The fact that the housing market is cyclical is no secret. Every buyer’s market is eventually followed by a seller’s market, and so forth. Yet the most recent seller’s market has come as a bit of a surprise. Rising prices and dwindling inventory seem to be unusual during periods of robust economic activity. But that’s exactly where the market is right now. So what’s going on?

Cut through all the expert analysis and you might discover that the single biggest influence in the current market has nothing to do with what the analysts are saying. It may be something completely different; something discussed in a Wall Street Journal article published on November 3.

According to contributor Laura Kusisto, the current market is suffering from a lack of supply. And that lack of supply is the direct result of homeowners deciding to stay where they are. Kusisto’s research shows that baby boomers are leading the way. They are stay in their homes rather than downsizing.

Sputtering Home Sales

Kusisto began her piece talking about how home sales in America have been sputtering in recent years. It doesn’t take long for her to get to the meat, though. According to her research, current homeowners are now staying in their homes for as long as 13 years. That is five years longer than in 2010.

Staying put for 13 years rather than 8 disrupts the housing ladder model. That model dictates that new homeowners buy a starter home, wait 5 to 8 years, and then upsize to a larger family home. They wait another 5 to 8 years before buying their ‘forever home’, where they will stay in until the kids go off to college. They sell one last time in order to downsize for retirement.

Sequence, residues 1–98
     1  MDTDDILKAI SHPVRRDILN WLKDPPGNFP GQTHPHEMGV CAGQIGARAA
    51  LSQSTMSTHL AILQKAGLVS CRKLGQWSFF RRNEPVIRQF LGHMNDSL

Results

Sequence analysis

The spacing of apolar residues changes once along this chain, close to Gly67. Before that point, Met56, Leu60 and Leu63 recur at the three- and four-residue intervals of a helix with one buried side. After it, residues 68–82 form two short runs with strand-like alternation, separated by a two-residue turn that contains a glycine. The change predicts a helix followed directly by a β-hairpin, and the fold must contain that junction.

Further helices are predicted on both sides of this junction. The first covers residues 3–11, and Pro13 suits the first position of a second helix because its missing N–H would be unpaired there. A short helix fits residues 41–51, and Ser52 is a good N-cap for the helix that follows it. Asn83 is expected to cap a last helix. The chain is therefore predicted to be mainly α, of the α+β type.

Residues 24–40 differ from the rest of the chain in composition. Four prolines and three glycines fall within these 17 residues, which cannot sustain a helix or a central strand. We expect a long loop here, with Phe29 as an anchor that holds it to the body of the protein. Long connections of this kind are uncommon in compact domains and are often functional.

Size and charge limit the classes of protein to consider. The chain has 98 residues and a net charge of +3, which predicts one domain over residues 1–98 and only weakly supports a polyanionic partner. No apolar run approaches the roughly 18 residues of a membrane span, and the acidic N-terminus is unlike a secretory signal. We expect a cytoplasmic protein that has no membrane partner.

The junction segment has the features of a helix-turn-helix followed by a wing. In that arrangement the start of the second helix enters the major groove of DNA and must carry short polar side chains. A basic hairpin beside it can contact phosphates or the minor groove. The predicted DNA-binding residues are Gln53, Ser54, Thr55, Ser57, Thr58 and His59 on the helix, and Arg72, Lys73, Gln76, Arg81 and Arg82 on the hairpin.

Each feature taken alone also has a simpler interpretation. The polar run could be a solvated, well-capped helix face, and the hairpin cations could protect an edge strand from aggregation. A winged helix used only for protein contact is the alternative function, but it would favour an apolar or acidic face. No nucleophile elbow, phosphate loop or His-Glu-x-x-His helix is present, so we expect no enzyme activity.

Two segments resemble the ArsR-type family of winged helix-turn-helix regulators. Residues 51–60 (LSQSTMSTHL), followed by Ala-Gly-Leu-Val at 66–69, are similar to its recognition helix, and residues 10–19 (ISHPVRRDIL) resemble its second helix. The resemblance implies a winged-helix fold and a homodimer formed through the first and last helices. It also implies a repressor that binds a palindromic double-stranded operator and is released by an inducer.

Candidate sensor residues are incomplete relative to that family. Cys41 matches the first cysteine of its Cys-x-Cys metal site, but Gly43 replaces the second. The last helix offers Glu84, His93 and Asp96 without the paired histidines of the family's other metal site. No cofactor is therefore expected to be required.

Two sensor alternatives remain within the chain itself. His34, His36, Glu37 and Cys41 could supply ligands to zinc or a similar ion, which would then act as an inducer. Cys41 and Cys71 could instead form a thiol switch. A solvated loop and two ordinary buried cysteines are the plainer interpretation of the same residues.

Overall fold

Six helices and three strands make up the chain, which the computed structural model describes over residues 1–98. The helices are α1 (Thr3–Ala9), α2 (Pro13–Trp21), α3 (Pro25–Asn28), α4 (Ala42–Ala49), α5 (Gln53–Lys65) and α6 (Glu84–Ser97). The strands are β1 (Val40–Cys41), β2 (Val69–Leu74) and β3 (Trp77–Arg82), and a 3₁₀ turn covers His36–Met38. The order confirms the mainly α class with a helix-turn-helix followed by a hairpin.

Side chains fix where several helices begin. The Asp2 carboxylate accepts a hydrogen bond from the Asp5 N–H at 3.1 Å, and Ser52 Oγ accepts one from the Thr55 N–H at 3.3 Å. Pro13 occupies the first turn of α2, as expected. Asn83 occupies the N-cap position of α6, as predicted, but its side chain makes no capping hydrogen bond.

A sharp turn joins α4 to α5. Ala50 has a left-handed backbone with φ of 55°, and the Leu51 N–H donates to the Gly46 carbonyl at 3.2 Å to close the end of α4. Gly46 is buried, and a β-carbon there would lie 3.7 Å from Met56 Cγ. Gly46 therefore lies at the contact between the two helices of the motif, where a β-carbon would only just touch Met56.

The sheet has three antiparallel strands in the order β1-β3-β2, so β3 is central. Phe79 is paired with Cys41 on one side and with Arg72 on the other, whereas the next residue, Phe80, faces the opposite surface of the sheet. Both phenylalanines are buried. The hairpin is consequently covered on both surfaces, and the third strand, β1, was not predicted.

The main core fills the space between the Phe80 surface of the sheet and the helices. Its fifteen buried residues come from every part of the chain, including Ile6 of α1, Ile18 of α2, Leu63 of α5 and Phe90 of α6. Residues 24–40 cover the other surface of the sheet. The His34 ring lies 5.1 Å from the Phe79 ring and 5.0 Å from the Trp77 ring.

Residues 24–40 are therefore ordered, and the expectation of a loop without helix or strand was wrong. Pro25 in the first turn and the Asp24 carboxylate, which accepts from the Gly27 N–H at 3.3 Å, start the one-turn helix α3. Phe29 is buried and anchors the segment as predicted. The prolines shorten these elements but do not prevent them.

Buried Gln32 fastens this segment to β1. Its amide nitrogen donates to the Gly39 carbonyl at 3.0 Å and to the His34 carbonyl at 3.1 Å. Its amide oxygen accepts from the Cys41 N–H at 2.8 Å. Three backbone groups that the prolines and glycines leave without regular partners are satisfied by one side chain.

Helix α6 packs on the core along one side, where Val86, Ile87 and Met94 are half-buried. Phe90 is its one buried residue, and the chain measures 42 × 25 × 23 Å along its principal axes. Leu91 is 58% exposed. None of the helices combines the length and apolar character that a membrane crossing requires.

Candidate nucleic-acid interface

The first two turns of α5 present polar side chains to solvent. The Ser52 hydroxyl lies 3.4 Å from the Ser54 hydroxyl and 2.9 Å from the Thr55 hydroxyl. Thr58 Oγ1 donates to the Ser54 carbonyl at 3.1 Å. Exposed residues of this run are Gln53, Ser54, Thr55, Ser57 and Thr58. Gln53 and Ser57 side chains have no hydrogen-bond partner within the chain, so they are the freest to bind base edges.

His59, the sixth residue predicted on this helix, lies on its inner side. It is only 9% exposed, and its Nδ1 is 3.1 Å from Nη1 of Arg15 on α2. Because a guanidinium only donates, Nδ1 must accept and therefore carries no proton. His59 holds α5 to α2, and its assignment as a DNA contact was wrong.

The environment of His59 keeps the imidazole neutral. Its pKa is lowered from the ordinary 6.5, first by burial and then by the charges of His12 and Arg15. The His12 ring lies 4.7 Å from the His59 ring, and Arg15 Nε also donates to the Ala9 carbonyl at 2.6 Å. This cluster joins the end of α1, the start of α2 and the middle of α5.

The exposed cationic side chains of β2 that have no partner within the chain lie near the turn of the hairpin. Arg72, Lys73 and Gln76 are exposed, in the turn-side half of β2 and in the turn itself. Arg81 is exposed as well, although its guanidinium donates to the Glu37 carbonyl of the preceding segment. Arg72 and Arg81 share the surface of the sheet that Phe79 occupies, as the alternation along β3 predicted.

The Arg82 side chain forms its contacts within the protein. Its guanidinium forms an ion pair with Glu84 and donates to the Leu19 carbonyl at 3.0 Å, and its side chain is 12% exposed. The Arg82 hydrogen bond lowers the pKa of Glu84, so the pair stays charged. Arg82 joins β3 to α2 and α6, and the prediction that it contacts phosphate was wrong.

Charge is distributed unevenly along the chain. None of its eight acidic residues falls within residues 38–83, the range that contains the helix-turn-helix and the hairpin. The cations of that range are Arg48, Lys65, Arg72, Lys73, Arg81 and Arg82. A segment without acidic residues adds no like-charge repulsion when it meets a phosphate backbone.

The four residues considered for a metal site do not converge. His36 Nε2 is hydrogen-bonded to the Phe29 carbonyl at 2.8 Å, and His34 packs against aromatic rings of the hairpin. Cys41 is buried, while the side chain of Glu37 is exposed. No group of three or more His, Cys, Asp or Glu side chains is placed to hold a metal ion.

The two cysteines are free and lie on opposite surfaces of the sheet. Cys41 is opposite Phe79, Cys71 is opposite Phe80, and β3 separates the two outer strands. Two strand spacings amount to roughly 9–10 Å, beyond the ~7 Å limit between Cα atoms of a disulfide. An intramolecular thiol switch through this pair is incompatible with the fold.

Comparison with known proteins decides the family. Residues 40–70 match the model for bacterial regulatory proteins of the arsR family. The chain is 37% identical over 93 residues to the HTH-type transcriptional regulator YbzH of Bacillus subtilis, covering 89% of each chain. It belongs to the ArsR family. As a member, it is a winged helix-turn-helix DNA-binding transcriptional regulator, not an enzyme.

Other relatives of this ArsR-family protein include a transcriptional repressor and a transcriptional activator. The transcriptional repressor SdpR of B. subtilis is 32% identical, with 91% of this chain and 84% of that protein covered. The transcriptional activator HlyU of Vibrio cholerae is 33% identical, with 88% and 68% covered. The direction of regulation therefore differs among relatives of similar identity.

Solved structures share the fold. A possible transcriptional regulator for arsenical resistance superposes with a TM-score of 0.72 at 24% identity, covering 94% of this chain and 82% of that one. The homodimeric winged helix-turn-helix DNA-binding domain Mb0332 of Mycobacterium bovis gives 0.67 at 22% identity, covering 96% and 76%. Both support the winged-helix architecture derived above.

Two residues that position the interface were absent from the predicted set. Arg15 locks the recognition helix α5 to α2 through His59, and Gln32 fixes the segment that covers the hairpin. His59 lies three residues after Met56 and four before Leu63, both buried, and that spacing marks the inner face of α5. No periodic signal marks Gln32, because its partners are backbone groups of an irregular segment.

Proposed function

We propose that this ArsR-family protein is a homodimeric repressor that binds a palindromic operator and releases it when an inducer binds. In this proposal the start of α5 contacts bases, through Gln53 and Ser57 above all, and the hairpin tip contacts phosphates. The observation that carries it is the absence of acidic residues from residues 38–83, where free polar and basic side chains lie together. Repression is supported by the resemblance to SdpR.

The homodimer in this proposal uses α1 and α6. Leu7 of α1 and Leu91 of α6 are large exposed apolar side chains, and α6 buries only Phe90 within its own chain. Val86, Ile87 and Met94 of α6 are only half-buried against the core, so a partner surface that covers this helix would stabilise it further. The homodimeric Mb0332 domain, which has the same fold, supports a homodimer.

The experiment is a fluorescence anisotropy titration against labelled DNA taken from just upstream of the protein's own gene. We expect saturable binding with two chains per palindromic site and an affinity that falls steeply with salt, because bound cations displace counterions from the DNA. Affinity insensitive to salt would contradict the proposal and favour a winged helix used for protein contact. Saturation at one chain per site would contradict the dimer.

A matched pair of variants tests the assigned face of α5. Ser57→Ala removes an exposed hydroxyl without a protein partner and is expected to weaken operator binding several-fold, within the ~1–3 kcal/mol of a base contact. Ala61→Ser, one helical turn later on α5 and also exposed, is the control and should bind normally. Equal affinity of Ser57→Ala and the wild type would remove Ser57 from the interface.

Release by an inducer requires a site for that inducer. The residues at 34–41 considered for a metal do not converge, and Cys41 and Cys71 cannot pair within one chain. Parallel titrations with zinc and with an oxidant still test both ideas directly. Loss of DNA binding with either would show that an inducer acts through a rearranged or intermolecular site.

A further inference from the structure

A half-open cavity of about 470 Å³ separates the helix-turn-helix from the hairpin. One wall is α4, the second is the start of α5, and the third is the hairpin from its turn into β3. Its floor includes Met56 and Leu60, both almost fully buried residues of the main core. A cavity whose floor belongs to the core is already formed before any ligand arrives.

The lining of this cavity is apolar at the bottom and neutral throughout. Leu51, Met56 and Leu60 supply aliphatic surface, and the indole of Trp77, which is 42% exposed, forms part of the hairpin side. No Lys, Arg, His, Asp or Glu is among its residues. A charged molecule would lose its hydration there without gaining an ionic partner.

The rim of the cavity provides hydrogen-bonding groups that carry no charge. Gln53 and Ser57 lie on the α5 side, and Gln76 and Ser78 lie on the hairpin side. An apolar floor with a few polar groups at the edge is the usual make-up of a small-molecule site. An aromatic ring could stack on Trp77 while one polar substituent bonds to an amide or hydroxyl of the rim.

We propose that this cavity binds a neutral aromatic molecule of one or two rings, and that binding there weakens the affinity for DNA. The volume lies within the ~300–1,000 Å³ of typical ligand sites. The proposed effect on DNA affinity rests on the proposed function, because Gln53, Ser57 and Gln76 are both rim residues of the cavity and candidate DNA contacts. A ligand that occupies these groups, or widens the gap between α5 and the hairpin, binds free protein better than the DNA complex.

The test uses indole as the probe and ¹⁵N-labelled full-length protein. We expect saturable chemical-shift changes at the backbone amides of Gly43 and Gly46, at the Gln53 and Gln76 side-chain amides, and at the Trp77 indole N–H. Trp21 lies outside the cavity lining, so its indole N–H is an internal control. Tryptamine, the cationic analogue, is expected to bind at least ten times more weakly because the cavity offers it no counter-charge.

Simple math shows that homeowners are staying put 62% longer than they did in 2010. Multiply that by the two or three times a typical homeowner is expected to sell, and it becomes clear where the problem lies. People are not selling like they used to. Therefore, they aren’t buying new homes either.

Existing Inventory and Prices

One of Utah’s top real estate agencies, city home COLLECTIVE, says they have seen a tightening in the local housing supply even though the area has been in the midst of a housing boom for several years. A lot of new houses are being built, but fewer existing homes are being sold.

Agency representatives say the circumstances are reflected in existing inventory and prices. Those who are willing to sell can ask premium price and pretty much get what they want. The situation is only exacerbated by continual population growth on the Wasatch Front for the better part of eight years.

Salt Lake City has been the beneficiary of robust economic activity that has brought both jobs and residents to the area. Indeed, most of the population growth Utah has experienced in recent years has been concentrated in the greater Salt Lake City area. The growth is reflected in housing.

If older homeowners in the city aren’t willing to sell, that leaves newly arriving residents to rent or pay to build new. It is a situation that is ripe for dwindling supply and rising prices.

The current housing market is a confluence of factors. Yet if the Wall Street Journal is to be believed, the single biggest factor is a willingness among baby boomers to stay in their homes longer. That decision is influencing the supply and demand trends that, until recently, were pretty reliable.